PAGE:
In the most detailed economic address he has given to date, Trump slammed Clinton for her insider mentality and for rigging the system, and lamented the downturn working-class families have experienced given the decline in American manufacturing. His shift towards a policy speech has all the right moves, but will a change in style win over a divergence in substance?
Trump’s presidential campaign continues to surprise as he takes integral steps - baby ones - in the right direction. Trump’s campaign announced a handful of new hires in its communications operations as he aggressively tries to match the first-rate team backing Clinton. Better late than never - and more hires are expected to be announced soon - including state directors, surrogates, speech writers and convention advisors.
With Cleveland fast approaching, the unconventional Trump has been hard-pressed by Republicans to move towards a more conventional campaign - we’ll see if these veteran hires put the Trump train back on track.
Republicans delivered the final Benghazi Committee report that criticized the Obama Administration's handling of the 2012 terrorist attack, while Clinton's campaign continues to classify the findings as discredited conspiracy theories. Either way, there are no new significant revelations about the role played by Clinton.
So what’s all the fuss about? The 800-page report is concerning - yet somewhat vanilla - but it's sure to add fuel to the Republican fire throughout the election as they blame Clinton for security lapses leading to the tragic event.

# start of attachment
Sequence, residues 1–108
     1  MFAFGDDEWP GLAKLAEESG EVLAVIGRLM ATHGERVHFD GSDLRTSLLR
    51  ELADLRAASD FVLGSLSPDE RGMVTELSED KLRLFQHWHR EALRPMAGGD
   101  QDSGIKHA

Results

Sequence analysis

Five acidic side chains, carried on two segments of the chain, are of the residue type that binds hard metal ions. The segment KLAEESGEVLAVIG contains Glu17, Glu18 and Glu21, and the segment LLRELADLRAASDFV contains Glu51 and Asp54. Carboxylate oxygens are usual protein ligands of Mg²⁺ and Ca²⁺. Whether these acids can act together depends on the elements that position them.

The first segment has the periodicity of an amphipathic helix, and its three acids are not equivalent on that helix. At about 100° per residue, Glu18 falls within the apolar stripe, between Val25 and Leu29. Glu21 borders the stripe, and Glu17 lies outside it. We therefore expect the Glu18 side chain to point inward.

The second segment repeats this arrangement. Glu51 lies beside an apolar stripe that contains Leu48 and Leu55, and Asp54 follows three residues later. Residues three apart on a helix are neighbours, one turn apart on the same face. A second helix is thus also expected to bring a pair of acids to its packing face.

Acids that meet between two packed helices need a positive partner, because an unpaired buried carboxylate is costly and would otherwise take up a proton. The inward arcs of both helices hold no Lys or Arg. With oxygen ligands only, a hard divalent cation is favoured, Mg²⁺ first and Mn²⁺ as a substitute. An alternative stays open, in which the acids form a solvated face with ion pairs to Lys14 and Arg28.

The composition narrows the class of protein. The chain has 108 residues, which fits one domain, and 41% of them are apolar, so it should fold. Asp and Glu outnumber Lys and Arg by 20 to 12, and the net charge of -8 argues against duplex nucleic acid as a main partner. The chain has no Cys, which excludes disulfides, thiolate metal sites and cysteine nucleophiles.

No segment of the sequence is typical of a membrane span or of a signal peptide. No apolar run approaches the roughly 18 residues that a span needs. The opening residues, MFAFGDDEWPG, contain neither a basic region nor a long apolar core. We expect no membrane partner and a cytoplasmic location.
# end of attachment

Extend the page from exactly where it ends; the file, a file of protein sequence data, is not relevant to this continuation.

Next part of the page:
Takeaway: Please note we are removing McDonald's from Investing Ideas (long side) today.
"On both an absolute and relative basis, I’ve been lovin’ it on the long side of Restaurants analyst Howard Penney's bullish MCD call," Hedgeye CEO Keith McCullough writes today. "Now though, with US Equity Beta becoming more obviously at risk, I want to take a break," he added. "I’d rather come back to the story after this summer’s volatility has played out in full. This Q2 earnings season is going to be ugly."
We added McDonald's to the long side of Investing Ideas on August 11, 2015. Penney wrote then, "2015 will be the last time this stock is below $100."
Takeaway: We see 20%-40% downside for shares of Kroger from current levels. Not to mention the massive potential pain ahead for pensioners.
Earlier this spring, I presented my short call on Kroger (KR), arguing that America’s largest supermarket chain was feeling the increased pressure of an intensely competitive food retail environment. That’s the plain vanilla rationale behind my bear case. But there’s more.
One of the more distressing risks lurking beneath the surface—one that represents a threat not only to shareholders, but to pensioners as well—is Kroger’s exposure to a large number of multi-employer pension plans (MPPs). The company intentionally keeps these plans in an underfunded status and this has the potential to backfire on the company. In addition to increasing annual costs, the company’s total exposure to these plans, in another downturn, is potentially debilitating.
Kroger’s woes are emblematic of an affliction plaguing pension funds across the country. It’s the same old story – chronic underfunding, as the swelling ranks of retirees overtake a smaller base of currently contributing employees.
To underscore the issue at hand, MPPs are the primary source of retirement income for over ten million active, inactive and retired workers and their survivors. A number of these pension plans, much like their state-run brethren, are severely underfunded. In a report to Congress in 2013, the Pension Benefit Guaranty Corporation (PBGC) estimated that MPPs have $757 billion in pension benefit liabilities, $391 billion of which are unfunded obligations. No small potatoes.